The real sequences , , and are uniformly bounded if if and if ; for all . If, furthermore, if and , if , with if and only if ; for all , then the sequences , , and converge asymptotically to the zero equilibrium point as and is monotonically decreasing.

     
  2. (ii)

    Let the real sequence be defined by if and if (what implies that from (2.1) and ). Then, is uniformly bounded if ; for all . If, furthermore, ; for all then as .

     
  3. (iii)

    Let and let a positive real sequence (i.e., all its elements are nonnegative real constants). Define if and if . Then, is a positive real sequence and is uniformly bounded if ; for all . If, furthermore, ; for all , then as .

     
  4. (iv)

    If ; for all and , then ; for all . If and ; for all , then ; for all . If and ; for all for some , with , then ; for all and as .

     
  5. (v)

    (Corollary to Venter's theorem, [7]). Assume that for all , as and (what imply as and the sequence has only a finite set of unity values). Assume also that and is a nonnegative real sequence with . Then as .

     
  6. (vi)

    (Suzuki [8]; see also Saeidi [6]). Let be a sequence in with , and let and be bounded sequences. Then, .

     
  7. (vii)

    (Halpern [9]; see Hu [4]). Let be ; for all in (2.1) subject to , ; for all with being a nonexpansive self-mapping on . Thus, converges weakly to a fixed point of in the framework of Hilbert spaces endowed with the inner product , for all , if for any .

     
Proof.
  1. (i)
    Direct calculations with (2.1) lead to
    (2.3)
     
so that if , and equivalently, if and with , and
(2.4)
Thus, , and . If, in addition, and with then and is a monotonically decreasing sequence, and as . Property (i) has been proven.
  1. (ii)
    Direct calculations with (2.2) yield for ,
    (2.5)
     
Since is a convex parabola for all if real constants exist such that ; . The parabola zeros are so that if . If , then with . Thus, if , for all . If , then as . Property (ii) has been proven.
  1. (iii)

    If is positive then is positive from direct calculations through (2.1). The second part follows directly from Property (ii) by restricting for uniform boundedness of and for its asymptotic convergence to zero in the case of nonzero .

     
  2. (iv)
    If ; for all and , then from recursive evaluation of (2.1):
    (2.6)
     
If, and ; for all , then
(2.7)

If and , for all for some , then , for all ; thus, is monotonically strictly decreasing so that it converges asymptotically to zero.

Equation (2.1) under the form

(2.8)

with and being a nonexpansive self-mapping on under the weak or strong convergence conditions of Theorem 2.1(vii) is known as Halpern's iteration [4], which is a particular case of the generalized viscosity iterative scheme studied in the subsequent sections. Theorem 2.1(vi) extends stability Venter's theorem which is useful in recursive stochastic estimation theory when investigating the asymptotic expectation of the norm-squared parametrical estimation error [7]. Note that the stability result of this section has been derived by using discrete Lyapunov's stability theorem with Lyapunov's sequence what guarantees global asymptotic stability to the zero equilibrium point if it is strictly monotonically decreasing on and to global stability (stated essentially in terms of uniform boundedness of the sequence ) if it is monotonically decreasing on . The links between Lyapunov's stability and fixed point theory are clear (see, e.g., [1, 2]). However, fixed point theory is a more powerful tool in the case of uncertain problems since it copes more easily with the existence of multiple stable equilibrium points and with nonlinear mappings. Note that the results of Theorem 2.1 may be further formalized in the context of fixed point theory by defining a complete metric space , respectively, for the particular results being applicable to a positive system under nonnegative initial conditions, with the Euclidean metrics defined by .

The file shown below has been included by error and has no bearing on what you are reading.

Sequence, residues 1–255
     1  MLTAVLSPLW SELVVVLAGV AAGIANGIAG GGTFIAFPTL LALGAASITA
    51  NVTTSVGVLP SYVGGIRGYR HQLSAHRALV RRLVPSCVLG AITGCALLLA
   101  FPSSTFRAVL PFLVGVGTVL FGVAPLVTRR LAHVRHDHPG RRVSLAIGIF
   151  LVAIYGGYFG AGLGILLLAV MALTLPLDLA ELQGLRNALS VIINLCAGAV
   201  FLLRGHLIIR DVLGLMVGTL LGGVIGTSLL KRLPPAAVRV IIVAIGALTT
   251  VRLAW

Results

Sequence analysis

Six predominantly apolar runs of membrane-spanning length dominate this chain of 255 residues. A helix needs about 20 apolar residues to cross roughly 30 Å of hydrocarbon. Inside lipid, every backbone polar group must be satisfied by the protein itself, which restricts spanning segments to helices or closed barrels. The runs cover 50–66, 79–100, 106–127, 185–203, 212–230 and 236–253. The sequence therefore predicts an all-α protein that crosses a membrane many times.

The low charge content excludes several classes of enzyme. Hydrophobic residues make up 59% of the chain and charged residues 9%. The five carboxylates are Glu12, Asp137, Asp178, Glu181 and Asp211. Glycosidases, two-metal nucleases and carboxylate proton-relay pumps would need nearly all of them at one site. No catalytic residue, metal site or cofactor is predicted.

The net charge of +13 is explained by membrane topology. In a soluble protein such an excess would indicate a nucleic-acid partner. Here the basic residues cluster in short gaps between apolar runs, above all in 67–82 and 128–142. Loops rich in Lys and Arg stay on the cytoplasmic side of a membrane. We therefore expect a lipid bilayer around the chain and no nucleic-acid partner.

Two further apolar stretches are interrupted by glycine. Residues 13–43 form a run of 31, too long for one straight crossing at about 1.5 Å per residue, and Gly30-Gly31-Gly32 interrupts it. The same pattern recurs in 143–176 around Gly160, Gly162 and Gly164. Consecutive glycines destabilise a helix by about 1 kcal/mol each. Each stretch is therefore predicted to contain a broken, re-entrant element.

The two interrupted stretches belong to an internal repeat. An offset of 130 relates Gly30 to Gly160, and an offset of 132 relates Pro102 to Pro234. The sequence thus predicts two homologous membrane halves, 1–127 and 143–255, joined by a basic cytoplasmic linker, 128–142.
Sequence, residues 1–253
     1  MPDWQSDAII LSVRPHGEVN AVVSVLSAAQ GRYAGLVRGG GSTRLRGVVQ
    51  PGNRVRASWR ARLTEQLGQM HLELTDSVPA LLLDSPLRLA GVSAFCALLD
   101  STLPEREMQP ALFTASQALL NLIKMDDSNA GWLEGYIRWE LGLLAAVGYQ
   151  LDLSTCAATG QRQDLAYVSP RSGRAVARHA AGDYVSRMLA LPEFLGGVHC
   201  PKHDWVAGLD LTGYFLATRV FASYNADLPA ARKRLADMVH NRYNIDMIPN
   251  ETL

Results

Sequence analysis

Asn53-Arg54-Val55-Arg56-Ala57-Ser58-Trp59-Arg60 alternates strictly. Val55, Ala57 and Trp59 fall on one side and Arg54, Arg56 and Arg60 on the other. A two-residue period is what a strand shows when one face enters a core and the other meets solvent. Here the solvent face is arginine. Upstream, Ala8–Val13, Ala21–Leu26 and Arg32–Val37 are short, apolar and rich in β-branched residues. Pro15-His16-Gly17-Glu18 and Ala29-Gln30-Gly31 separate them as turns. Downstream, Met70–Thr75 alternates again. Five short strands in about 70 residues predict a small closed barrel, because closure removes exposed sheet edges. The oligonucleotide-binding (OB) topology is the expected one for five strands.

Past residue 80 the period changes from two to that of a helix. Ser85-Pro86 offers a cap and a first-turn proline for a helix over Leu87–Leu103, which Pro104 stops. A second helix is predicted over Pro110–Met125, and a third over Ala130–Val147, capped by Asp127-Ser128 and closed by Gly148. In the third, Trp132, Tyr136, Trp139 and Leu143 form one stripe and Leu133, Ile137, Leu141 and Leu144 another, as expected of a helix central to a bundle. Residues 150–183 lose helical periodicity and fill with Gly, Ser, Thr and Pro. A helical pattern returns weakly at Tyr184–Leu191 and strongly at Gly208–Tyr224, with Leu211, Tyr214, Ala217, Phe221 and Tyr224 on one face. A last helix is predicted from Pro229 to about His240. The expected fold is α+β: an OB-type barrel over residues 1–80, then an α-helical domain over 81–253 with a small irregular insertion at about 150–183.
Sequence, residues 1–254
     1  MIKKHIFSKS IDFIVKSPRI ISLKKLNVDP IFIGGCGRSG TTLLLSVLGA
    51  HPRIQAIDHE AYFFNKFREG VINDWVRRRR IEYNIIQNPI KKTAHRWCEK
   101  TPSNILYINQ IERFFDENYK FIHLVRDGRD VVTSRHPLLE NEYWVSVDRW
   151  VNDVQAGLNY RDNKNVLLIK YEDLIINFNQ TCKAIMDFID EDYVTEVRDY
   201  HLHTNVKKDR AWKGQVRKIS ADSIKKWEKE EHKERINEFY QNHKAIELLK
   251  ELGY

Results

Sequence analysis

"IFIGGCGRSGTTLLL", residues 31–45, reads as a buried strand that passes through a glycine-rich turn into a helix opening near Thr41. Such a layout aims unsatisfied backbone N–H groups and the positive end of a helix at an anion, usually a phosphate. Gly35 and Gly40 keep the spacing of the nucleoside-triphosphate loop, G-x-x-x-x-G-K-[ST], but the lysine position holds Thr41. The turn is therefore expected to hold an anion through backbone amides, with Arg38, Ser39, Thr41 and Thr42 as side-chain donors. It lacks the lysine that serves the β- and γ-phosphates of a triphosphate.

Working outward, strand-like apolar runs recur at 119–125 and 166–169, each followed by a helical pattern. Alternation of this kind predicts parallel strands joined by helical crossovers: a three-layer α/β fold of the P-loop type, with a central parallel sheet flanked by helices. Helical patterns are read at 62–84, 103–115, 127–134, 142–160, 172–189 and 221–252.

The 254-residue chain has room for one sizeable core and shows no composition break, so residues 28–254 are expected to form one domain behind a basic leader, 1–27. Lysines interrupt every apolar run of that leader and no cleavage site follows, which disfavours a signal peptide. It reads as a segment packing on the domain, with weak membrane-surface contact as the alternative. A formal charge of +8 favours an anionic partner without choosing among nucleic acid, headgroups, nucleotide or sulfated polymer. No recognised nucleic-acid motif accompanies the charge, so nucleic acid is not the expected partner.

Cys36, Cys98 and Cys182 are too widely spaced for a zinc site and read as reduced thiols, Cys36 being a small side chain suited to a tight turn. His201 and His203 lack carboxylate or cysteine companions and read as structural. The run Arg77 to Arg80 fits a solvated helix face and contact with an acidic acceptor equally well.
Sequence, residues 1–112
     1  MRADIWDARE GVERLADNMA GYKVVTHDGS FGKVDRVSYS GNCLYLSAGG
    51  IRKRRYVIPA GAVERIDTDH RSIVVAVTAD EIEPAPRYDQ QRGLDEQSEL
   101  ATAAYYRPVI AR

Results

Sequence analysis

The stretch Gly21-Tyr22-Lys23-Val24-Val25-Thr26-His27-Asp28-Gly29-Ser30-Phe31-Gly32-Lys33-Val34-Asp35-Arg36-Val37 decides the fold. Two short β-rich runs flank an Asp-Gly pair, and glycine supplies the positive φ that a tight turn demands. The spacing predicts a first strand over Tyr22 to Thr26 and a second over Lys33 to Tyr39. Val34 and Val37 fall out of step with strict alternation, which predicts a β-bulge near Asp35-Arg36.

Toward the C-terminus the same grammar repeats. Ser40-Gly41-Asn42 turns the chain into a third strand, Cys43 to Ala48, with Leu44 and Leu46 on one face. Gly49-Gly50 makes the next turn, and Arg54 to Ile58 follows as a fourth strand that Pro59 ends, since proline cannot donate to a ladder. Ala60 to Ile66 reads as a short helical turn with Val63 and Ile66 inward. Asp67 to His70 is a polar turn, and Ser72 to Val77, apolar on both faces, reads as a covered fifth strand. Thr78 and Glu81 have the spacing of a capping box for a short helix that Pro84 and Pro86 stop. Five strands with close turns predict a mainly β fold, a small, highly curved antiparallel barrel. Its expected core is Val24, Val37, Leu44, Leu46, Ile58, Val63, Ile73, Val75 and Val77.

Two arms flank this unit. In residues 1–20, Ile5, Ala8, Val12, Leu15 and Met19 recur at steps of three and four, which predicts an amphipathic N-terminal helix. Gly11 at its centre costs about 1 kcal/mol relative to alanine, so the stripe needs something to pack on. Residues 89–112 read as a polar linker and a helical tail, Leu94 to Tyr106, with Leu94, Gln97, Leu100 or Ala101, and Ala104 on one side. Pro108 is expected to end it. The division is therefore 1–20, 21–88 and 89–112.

3. Some Definitions and Background as Preparatory Tools for Section 4

The four subsequent definitions are then used in the results established and proven in Section 4.

Definition 3.1.

is a left reversible semigroup if ; for all .

It is possible to define a partial preordering relation " " by ; for all for any semigroup . Thus, , for some existing and , such that if is left reversible. The semigroup is said to be left-amenable if it has a left-invariant mean and it is then left reversible, [6, 13].

Definition 3.2 (see [6, 13]).

is said to be a representation of a left reversible semigroup as Lipschitzian mappings on if is a Lipschitzian mapping on with Lipschitz constant and, furthermore, ; for all .

The representation may be nonexpansive, asymptotically nonexpansive, contractive and asymptotically contractive according to Definitions 3.3 and 3.4 which follow.

Definition 3.3.

A representation of a left reversible semigroup as Lipschitzian mappings on , a nonempty weakly compact convex subset of , with Lipschitz constants is said to be a nonexpansive (resp., asymptotically nonexpansive, [6]) semigroup on if it holds the uniform Lipschitzian condition (resp., ) on the Lipschitz constants.

Definition 3.4.

A representation of a left reversible semigroup as Lipschitzian mappings on with Lipschitz constants is said to be a contractive (resp., asymptotically contractive) semigroup on if it holds the uniform Lipschitzian condition (resp., ) on the Lipschitz constants.

The iteration process (3.1) is subject to a forcing term generated by a set of Lipschitzian mappings where is a sequence of means on , with the subset (defined in Definition 3.5 below) containing unity, where is the Banach space of all bounded functions on endowed with the supremum norm, such that where is the dual of .

Definition 3.5.

The real sequence is a sequence of means on if .